The following table helps further to understand the trend for the true value of national monies. Only one, South Africa, of the eight national monies has been experiencing a rising Gold value. Yes, the U.S. dollar may have been the worst performer. Note though that the rest are also losing value versus Gold. The point? Each investor needs to assess the true fundamentals of their own national money. Should the investor own gold or their national money? What your national money is doing versus the dollar is interesting but not the critical issue.
|Trends & Ranking in Gold Price |
Selected National Monies
|Arrows indicate trend for national money, and number is ranking of country.|
This work on the Gold price of national monies is beginning to produce some interesting results, which will begin appearing in the monthly newsletter in December. Such measurements can be used to determine, for example, if a Russian investors should buy Gold. Today the answer is that a Russian investor should not be moving into Gold. The South African money has the same evaluation, but nervousness on that opinion is extremely high. UK investors are in the reverse situation. UK based investors should be converting pounds into ounces by buying Gold.
Each national money has an individual situation versus Gold at any one time. Each individual investor needs to be deciding on the wisdom of holding the money or buying Gold. Learning to think and work in the Gold price of national monies will help you do that. Focus not simply on the dollar's action, but the appropriate buy/hold/sell decision on Gold from the perspective of your own national money.
We need to return to our final questions. Has the bear market started for the U.S. dollar? Of course the answer is yes. In fact, it started two years ago. Only recently has this condition become popular The important point is that the U.S. dollar is somewhere between the start and the end of a bear market. Regrettably, today is far closer to the beginning than the end. The deterioration in the value of the dollar has not yet caused either major panic, major selling, or a major change in the U.S. economic situation.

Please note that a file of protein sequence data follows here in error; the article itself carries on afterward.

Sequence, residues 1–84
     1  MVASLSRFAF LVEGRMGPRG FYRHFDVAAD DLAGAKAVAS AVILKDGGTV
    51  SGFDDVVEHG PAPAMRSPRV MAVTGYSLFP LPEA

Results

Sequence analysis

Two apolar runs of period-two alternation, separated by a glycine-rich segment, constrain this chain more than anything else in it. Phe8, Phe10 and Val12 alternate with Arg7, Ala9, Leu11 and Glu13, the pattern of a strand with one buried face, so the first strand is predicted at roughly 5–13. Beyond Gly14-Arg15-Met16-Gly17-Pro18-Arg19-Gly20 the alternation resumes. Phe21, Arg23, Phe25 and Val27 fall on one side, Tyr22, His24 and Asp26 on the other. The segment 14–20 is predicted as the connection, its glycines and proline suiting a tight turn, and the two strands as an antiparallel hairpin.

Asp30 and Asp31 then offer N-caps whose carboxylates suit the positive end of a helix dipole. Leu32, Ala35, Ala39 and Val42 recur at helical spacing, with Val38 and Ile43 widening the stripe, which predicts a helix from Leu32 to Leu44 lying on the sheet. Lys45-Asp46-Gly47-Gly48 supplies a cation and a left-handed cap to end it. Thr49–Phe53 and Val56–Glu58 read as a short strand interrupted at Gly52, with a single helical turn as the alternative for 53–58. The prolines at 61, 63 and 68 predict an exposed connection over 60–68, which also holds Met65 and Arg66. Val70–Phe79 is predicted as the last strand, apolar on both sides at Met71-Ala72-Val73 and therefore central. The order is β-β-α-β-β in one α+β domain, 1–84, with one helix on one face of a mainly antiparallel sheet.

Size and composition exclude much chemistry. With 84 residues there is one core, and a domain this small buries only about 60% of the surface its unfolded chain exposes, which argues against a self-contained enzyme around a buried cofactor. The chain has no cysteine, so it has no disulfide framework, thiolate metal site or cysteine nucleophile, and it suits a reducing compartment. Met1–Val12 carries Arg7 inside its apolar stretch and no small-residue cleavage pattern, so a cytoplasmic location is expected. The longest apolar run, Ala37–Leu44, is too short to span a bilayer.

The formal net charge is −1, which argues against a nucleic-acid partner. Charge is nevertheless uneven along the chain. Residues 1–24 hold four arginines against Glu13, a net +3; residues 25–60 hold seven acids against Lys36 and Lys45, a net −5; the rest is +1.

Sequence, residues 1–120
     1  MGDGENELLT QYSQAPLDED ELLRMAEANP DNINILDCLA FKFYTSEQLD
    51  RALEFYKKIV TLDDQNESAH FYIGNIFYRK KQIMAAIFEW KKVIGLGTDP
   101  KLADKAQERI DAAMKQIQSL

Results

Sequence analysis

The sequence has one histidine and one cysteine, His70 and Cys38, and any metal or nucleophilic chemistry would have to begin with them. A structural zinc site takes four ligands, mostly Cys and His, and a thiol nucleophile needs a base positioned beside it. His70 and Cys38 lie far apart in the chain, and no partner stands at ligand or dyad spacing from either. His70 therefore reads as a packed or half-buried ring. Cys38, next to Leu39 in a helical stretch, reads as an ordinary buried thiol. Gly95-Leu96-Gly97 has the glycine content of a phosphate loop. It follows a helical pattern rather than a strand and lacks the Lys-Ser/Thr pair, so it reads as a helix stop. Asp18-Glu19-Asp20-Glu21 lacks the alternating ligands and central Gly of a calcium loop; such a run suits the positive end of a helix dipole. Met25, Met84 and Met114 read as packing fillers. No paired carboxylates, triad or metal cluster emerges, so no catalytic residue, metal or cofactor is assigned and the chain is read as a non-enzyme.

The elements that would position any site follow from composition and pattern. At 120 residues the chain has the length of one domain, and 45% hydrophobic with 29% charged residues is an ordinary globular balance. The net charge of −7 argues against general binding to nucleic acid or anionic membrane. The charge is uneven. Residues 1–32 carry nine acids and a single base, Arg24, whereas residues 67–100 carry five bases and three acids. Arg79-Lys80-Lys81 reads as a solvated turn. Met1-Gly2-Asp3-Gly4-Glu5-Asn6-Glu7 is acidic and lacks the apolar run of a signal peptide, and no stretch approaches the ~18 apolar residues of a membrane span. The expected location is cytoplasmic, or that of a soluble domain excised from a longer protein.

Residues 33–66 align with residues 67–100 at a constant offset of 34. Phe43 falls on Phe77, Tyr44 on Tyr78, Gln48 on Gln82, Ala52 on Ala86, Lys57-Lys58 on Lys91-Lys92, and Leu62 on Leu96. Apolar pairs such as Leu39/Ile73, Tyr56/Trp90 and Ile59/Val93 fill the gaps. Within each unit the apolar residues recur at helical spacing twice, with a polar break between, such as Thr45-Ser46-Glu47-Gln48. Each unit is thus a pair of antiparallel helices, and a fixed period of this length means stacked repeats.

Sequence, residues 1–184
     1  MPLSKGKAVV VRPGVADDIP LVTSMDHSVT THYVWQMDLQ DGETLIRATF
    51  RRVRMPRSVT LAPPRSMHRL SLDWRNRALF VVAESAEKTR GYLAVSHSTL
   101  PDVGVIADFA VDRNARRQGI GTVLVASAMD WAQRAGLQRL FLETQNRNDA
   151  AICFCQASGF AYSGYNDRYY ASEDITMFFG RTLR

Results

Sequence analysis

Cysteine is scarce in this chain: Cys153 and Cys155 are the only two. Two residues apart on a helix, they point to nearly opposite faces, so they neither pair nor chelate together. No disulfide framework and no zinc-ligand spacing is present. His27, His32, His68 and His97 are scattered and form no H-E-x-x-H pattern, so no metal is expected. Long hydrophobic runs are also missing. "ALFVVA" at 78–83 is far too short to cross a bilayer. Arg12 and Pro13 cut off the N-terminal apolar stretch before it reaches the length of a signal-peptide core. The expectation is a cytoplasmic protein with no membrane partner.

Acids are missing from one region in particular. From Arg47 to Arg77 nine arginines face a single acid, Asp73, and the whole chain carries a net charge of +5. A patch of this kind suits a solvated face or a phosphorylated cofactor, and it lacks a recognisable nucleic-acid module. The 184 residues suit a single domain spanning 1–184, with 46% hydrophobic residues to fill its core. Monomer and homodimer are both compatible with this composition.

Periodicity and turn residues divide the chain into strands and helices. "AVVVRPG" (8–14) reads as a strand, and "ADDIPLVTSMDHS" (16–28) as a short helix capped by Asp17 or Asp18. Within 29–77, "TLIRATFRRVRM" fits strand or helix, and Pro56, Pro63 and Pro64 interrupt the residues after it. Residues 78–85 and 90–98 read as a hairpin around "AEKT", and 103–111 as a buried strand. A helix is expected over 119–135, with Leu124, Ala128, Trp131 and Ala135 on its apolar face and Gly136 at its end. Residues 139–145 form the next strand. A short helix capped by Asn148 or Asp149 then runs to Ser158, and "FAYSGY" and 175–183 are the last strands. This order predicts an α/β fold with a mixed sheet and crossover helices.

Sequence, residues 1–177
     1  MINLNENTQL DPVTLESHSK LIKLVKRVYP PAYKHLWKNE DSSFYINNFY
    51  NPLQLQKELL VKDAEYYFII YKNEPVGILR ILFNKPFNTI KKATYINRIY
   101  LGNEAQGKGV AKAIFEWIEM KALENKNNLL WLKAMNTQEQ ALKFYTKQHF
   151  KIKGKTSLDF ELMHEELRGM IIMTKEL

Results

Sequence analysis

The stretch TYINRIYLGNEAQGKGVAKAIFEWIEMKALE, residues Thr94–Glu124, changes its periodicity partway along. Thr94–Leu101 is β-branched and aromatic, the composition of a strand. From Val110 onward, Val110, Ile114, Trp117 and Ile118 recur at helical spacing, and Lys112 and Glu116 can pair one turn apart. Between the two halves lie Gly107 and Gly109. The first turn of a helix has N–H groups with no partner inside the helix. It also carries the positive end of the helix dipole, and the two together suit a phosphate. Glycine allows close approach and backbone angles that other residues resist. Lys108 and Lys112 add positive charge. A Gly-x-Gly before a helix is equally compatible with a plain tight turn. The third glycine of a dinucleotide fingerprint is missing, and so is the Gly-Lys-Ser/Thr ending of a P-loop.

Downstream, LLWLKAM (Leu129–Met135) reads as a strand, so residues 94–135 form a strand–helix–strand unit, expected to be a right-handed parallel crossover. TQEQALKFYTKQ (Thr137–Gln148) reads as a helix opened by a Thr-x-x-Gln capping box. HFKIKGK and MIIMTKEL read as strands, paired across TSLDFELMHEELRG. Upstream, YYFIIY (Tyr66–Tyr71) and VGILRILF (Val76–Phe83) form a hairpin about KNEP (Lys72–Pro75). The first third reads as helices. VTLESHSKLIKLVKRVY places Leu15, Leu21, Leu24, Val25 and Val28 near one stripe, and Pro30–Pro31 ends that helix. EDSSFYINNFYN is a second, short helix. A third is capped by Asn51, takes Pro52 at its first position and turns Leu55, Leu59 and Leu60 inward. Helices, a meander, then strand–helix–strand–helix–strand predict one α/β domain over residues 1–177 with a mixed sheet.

The dollar's bear market end will be identified by two conditions. Chart Three will identify the first of those conditions. Foreign official institutions remain net buyers of U.S. dollar debt as shown in that graph. When that graph shows serious and prolonged net selling by these institutions, the first condition for the end of the dollar's bear market will have arrived. That selling will be contrary indicator, kind of like when the UK sold Gold, and probably bought some U.S. debt.
The second condition is U.S. interest rates. At the end of the bear market for the dollar, U.S. interest rates will be well into double digits. A prime rate in the 20-30% range is certainly likely. Trying to sell a home will be only slightly easier than selling season tickets to the Miami Dolphins at the present time. Capital controls will be widespread, and U.S. citizens will be restricted on moving money out of the country. Rather than confiscate your Gold, a more likely event will be an exchange of "new" U.S. money for "old" U.S. money with serious limitations.
No one ever contended the road to US$1,300 Gold would be a fun one. Also, no one ever said it would be a straight road. Rallies and corrections are the patterns that come together to create a market move. Be selective in the timing of your Gold purchases. If you ever hear yourself saying that you must buy today cause the market is getting away from you, stand up and turn off your computer. And finally, each individual investor needs to assess the situation for their own national money versus Gold. Do not take comfort in the fact that you do not own U.S. dollars for in reality your money may also be depreciating versus Gold.